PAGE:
I ALWAYS enjoy a chance to get behind the wheel of our Peugeot 407, but the latest journey was collecting it from my local dealer after a faulty ‘depollution system’ was replaced under warranty.
As reported last month, the fault was discovered shortly after the car had a central locking problem fixed – the front passenger door could be opened after the car was locked, setting off the alarm, but perhaps allowing enough time for a thief to snatch items carelessly left in view.
Then, the on-board computer alerted us with the message ‘de-pollution system faulty’ accompanied by the engine malfunction warning light. Despite scouring the driver’s manual, I couldn’t find anything relating to the ‘de-pollution system’ and assumed something might have been amiss with the catalytic converter.
Our dealer, Hindmarch in Stamford, advised us that we could continue to drive the car while a part was ordered and the work was carried out one day. We declined the offer of a courtesy car, but it was good to know one would have been available, and since then the car has been running fine once again.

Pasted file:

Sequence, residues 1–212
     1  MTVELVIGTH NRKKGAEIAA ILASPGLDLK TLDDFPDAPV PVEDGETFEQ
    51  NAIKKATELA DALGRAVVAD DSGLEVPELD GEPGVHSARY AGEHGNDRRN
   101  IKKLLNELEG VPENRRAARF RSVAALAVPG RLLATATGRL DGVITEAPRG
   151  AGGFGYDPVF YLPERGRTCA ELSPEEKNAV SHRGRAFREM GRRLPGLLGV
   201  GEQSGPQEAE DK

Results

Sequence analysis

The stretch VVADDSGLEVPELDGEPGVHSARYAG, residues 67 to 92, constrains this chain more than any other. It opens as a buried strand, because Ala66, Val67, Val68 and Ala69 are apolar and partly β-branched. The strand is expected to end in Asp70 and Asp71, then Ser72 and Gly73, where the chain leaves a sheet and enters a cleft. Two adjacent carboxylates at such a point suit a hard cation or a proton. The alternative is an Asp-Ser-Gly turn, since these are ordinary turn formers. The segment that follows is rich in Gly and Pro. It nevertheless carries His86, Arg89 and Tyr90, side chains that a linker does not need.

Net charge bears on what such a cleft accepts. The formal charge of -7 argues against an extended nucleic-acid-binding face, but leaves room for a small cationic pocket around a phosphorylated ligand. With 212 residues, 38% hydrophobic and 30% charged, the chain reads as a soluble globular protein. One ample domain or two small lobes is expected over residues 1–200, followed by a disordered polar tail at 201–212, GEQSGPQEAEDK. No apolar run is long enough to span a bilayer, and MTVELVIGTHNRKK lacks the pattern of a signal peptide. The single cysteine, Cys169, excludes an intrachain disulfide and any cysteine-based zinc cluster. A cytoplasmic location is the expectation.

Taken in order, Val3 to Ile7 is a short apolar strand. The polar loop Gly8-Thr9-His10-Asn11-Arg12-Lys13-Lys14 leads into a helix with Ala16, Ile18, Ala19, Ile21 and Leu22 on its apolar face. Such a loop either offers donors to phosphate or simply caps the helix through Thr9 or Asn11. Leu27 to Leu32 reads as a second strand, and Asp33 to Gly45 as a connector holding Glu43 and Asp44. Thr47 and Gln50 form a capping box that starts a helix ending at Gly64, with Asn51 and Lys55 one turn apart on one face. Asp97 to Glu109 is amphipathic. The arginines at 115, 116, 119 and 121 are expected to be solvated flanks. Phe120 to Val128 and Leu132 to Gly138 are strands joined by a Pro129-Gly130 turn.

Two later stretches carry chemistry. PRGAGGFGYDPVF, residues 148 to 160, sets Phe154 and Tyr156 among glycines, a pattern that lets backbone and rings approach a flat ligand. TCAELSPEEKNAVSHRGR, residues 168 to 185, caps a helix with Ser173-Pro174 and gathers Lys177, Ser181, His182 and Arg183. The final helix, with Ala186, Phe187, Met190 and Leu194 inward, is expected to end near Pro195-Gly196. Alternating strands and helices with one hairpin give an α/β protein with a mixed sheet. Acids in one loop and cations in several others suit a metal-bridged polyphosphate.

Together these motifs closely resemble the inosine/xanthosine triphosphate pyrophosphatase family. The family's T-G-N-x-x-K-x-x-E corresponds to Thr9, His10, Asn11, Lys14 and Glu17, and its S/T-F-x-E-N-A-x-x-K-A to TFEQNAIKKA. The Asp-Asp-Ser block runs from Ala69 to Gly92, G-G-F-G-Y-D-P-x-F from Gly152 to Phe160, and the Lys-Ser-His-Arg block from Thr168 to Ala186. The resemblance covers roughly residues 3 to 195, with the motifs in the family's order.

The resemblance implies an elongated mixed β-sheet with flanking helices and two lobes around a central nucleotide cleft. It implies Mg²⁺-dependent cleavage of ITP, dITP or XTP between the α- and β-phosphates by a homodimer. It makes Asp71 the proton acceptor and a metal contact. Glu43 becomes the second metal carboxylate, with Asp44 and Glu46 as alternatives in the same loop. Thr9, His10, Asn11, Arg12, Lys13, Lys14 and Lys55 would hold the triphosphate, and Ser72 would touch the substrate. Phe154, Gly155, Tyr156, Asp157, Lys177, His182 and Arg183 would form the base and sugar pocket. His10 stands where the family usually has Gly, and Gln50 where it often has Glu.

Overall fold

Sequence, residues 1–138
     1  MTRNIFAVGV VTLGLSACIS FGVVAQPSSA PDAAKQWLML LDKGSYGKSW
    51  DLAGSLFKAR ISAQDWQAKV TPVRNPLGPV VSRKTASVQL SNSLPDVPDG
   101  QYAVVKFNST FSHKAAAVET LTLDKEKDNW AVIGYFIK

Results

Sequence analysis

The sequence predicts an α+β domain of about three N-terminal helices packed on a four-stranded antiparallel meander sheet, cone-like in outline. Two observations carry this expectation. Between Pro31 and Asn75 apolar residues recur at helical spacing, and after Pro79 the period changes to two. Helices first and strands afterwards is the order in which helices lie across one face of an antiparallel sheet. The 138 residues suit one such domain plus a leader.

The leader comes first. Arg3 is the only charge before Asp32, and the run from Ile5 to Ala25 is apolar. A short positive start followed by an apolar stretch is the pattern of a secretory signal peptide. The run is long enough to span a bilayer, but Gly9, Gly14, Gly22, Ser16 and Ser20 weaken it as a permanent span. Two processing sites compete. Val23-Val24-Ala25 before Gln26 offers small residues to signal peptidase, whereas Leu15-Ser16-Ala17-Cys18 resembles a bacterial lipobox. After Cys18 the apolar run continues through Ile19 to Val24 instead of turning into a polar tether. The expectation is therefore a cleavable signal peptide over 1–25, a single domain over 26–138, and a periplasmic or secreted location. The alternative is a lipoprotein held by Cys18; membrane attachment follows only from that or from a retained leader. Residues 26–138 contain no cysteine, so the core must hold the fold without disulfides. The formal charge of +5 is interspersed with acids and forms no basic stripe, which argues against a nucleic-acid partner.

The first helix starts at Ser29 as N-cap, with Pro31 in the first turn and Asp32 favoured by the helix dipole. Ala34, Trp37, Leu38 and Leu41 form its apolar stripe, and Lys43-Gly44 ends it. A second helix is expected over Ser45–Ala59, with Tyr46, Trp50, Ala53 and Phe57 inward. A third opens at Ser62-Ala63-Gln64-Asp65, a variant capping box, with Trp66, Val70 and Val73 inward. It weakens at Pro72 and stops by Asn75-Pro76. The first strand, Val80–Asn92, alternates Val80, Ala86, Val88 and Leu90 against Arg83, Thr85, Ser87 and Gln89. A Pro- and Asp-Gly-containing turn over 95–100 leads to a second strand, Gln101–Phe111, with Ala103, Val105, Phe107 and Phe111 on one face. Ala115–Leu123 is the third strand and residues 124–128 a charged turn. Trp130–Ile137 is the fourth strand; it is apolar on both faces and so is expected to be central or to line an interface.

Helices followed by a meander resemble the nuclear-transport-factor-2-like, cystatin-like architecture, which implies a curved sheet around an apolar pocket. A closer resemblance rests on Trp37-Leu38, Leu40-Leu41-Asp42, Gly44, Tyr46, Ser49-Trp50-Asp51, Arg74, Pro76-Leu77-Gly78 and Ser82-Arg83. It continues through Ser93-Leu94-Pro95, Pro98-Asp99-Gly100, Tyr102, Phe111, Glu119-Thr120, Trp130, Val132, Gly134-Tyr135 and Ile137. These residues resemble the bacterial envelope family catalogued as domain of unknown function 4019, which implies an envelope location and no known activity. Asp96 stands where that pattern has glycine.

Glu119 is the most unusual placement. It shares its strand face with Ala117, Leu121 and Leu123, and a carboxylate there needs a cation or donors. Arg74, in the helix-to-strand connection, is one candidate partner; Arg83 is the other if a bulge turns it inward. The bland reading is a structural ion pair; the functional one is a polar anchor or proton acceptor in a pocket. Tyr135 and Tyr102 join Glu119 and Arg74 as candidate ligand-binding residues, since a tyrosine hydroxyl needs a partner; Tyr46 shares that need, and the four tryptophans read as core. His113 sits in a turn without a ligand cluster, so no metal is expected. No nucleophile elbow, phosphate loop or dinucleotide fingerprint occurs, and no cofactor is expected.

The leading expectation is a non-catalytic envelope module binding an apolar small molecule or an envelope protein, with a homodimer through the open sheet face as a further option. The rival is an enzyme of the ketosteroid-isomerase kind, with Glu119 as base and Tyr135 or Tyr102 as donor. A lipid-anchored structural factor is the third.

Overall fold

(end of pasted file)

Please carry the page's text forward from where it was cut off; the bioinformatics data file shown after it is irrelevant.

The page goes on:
Over the last few months, the 407 has become a more familiar sight on the roads, and according to the latest figures, more than 5,000 diesel models have been registered since the car was launched in the summer.
Our test model is an SE, and is reasonably well equipped for the money. You might find an equivalent Vauxhall Vectra has a few items that are missing from the 407, but the Peugeot probably has a few things such as electric rear windows that are restricted to the options list on rival cars.
It is a delight to drive and works well with the 136bhp diesel engine, which is the classic iron fist in a velvet glove in the way it delivers its power.
Strangely for the Peugeot, higher-specification cars are likely to hold their value better than less expensive ones.
Our SE is expected to retain 28% of its value over three years/60,000 miles, according to CAP Monitor, a percentage point ahead of the S, and the same as for the SV. However, the SE with the optional luxury pack and the Executive model are quoted at 29%. The SE is probably a safer investment than the Executive, but the luxury pack would be worth considering, as it seems to benefit both the driver and the owner.
Model: Peugeot 407 2.0 HDi SE
Price (OTR): £17,450
CO2 emissions (g/km): 155
Company car tax bill (2004/5) 22% tax-payer: £54 per month
Insurance group: 10
Combined mpg: 47.8
Test mpg: 42.9
CAP Monitor residual value: £4,850/28%
HSBC contract hire rate: £378 per month
Expenditure to date: Nil
Figures based on three years/60,000 miles